Vitamins and Macroelements Intervention in Autism
B Vitamin Supplementation Reduces Excretion of Urinary Dicarboxylic Acids in Autistic Children.
Department of Chemistry, Institute of General and Ecological Chemistry, Technical University of Lodz, Zeromskiego 116, 90-924 Lodz, Poland.
Urinary dicarboxylic acids are an important source of information about metabolism and potential problems especially connected with energy production, intestinal dysbiosis, and nutritional individuality in autistic children. A diet rich in vitamins and macroelements is a new idea of intervention in autism. The objective of the present study was to test the hypothesis that vitamin B2, vitamin B6, and magnesium supplementation is effective in reducing the level of dicarboxylic acids in the urine of autistic children. We examined the levels of succinic, adipic, and suberic acids in the urine of autistic children before and after vitamin supplementation. Thirty children with autism received magnesium (daily dose, 200 mg), vitamin B6 (pyridoxine; daily dose, 500 mg), and vitamin B2 (riboflavin; daily dose, 20 mg). The treatment was provided for a period of 3 months. Organic acids were determined using gas chromatography/mass spectrometry. Before supplementation, the levels of succinic, adipic, and suberic acids in the urine of autistic children were 41.47 ± 50.40 ?mol/mmol creatinine, 15.61 ± 15.31 ?mol/mmol creatinine, 8.02 ± 6.08 ?mol/mmol creatinine; and after supplementation, the levels were 9.90 ± 8.26 ?mol/mmol creatinine, 2.92 ± 2.41 ?mol/mmol creatinine, and 2.57 ± 3.53 ?mol/mmol creatinine, respectively. The results suggest that the supplementation reduces the level of dicarboxylic acid in the urine of autistic children.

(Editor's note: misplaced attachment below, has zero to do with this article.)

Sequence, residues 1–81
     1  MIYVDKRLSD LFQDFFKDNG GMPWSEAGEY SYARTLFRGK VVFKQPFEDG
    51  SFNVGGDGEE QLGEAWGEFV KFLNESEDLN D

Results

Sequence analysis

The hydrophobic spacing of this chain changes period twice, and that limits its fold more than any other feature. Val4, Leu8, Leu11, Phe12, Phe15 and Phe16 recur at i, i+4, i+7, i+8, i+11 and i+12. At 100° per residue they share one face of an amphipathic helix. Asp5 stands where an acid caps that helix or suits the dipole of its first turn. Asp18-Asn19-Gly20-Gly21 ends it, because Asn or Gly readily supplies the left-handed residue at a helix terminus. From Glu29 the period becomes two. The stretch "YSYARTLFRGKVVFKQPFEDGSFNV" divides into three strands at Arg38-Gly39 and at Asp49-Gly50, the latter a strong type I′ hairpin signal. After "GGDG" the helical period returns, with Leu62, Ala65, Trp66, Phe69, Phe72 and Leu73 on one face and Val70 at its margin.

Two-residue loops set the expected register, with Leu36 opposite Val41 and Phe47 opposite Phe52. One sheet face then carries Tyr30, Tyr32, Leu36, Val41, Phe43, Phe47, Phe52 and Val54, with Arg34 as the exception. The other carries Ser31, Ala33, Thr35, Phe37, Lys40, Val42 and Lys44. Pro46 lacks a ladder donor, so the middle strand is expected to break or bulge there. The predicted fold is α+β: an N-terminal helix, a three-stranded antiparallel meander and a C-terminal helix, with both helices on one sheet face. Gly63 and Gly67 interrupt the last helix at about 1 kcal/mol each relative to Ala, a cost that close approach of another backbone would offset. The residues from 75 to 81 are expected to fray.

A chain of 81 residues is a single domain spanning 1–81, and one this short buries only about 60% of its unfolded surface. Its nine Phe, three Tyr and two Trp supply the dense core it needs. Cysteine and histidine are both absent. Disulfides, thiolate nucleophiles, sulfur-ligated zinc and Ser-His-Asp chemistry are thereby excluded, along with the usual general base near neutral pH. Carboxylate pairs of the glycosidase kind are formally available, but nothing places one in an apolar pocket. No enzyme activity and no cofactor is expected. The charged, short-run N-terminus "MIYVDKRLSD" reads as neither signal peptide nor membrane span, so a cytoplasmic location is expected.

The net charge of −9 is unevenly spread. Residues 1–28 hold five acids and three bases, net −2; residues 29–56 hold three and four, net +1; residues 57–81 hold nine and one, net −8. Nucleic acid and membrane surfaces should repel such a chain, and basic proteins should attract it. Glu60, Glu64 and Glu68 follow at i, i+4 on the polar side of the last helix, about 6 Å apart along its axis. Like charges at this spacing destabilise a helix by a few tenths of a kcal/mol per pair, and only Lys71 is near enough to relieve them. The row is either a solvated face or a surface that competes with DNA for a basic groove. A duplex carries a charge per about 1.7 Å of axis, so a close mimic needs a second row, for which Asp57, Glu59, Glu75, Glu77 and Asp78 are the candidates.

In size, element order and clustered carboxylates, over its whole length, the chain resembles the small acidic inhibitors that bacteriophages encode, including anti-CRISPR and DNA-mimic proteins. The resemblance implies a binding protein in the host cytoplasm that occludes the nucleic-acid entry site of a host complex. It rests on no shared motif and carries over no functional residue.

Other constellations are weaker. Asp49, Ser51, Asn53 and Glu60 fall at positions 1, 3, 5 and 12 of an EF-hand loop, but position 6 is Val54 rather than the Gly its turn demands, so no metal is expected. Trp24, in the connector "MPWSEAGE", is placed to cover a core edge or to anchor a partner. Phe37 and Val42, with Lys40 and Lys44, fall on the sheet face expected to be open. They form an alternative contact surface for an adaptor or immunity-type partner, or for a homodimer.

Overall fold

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- PMID: 21840465